Holding Out

Heroes b

I Have in my Hand a Piece of Paper

With all the furore over the 100-day writer’s stirke in the US, one of the shows that apparently got hit pretty hard was Heroes. The shortened 11-episode series began here in the UK with the first two episodes “Four Months Later…” and “Lizards” getting their premiere on BBC2 and the frankly stunning BBC HD channel. Getting to enjoy the show so long after our American cousins got to see it (along with the illegal BitTorrent’ers this side of the Pond) means that I have already got to hear a fair amount of spoilery information and a fair amount of reviews: The Word has not been good. “Nowhere near as good as season one” and “a genuine disappointment” were two of the phrases I stumbled across that led me to slightly dread what I was about to see.

The acid test though, is when you finally get to see it for yourself. There were bad bits, to be sure… [note: deliberate use of phrase “…to be sure” as homage to the Irish accents in the Peter Petrelli sequences that were appalling in van Dykian proportions]. Other less than impressive bits include the overly dull scenes of Parkman’s domestic troubles in his new role as Molly’s guardian, although I guess that this has the potential to become quite interesting when the anti-Company plan being created by the newly-promoted police detective along with Suresh and Bennet gets going. Who else shouted “Ned. Ned Ryerson?!” when Stephen Tobolowski showed up as the Company man during Suresh’s lectures?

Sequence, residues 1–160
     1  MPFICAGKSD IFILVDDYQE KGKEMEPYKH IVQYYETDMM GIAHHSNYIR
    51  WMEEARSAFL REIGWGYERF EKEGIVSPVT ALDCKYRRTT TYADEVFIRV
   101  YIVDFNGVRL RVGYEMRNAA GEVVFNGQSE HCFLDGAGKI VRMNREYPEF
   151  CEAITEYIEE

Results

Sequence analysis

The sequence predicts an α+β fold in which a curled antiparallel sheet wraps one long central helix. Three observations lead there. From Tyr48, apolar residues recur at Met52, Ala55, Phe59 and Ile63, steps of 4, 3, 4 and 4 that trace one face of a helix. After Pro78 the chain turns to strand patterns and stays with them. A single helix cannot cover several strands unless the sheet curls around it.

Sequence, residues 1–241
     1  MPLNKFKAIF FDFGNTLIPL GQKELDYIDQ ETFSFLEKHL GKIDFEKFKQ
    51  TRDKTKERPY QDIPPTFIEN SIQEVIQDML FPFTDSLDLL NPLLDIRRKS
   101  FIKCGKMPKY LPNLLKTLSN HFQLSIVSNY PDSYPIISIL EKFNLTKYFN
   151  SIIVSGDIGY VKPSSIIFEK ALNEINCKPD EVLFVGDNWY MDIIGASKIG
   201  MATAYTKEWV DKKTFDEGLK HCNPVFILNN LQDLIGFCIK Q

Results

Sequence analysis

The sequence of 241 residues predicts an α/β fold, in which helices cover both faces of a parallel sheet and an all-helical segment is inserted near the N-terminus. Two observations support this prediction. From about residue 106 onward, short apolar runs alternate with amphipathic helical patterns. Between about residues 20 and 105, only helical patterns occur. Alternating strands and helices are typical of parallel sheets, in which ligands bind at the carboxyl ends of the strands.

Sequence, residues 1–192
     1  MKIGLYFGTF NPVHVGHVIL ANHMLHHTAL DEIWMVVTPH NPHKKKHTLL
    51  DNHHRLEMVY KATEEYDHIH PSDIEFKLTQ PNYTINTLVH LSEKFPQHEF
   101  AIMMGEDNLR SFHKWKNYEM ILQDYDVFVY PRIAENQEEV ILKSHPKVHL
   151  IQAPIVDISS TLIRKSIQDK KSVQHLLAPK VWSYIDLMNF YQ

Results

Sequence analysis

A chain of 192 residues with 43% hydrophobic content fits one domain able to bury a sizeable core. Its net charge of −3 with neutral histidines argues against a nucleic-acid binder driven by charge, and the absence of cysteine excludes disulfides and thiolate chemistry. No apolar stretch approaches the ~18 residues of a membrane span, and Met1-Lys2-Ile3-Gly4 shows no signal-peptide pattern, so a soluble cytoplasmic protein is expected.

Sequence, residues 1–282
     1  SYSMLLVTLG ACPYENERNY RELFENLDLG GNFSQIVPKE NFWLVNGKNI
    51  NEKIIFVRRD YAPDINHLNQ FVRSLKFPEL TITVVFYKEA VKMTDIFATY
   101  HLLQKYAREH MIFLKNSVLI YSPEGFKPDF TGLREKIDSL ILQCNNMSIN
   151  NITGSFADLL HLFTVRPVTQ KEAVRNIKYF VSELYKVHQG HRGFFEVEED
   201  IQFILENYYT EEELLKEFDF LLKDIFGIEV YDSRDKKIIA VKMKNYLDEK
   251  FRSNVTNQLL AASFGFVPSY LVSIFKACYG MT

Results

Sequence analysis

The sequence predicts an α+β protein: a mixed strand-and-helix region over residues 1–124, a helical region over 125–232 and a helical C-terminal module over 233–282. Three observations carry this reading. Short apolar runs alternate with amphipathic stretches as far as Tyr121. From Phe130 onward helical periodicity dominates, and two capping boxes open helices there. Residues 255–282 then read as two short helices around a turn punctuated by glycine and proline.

Hiro’s troubles in ancient Japan seem a little forced, although the era (especially in HD) is sumptuously recreated and Claire’s attempts to settle in to the new school seem like a step back for the character. Most fascinating was probably the sequences with Hiro’s dad along with Ando and Matron Petrelli with the death-by-hoodie of Sulu Hiro’s dad, being quite a surprise even though I very much doubt that will be the last time we see him… sci-fi’s funny that way. Strangest of all were the brother and sister combo of Maya and Alejandro: simple question… what was that all about?

So far, so business as usual for Tim Kring’s tale. The challenge remains, as it did in season one, to successfully tie these disparate plot threads together into a cohesive whole. They almost pulled it off in season one, but I fear (from the spoilers) that the forshortened season will result in disappointment later.

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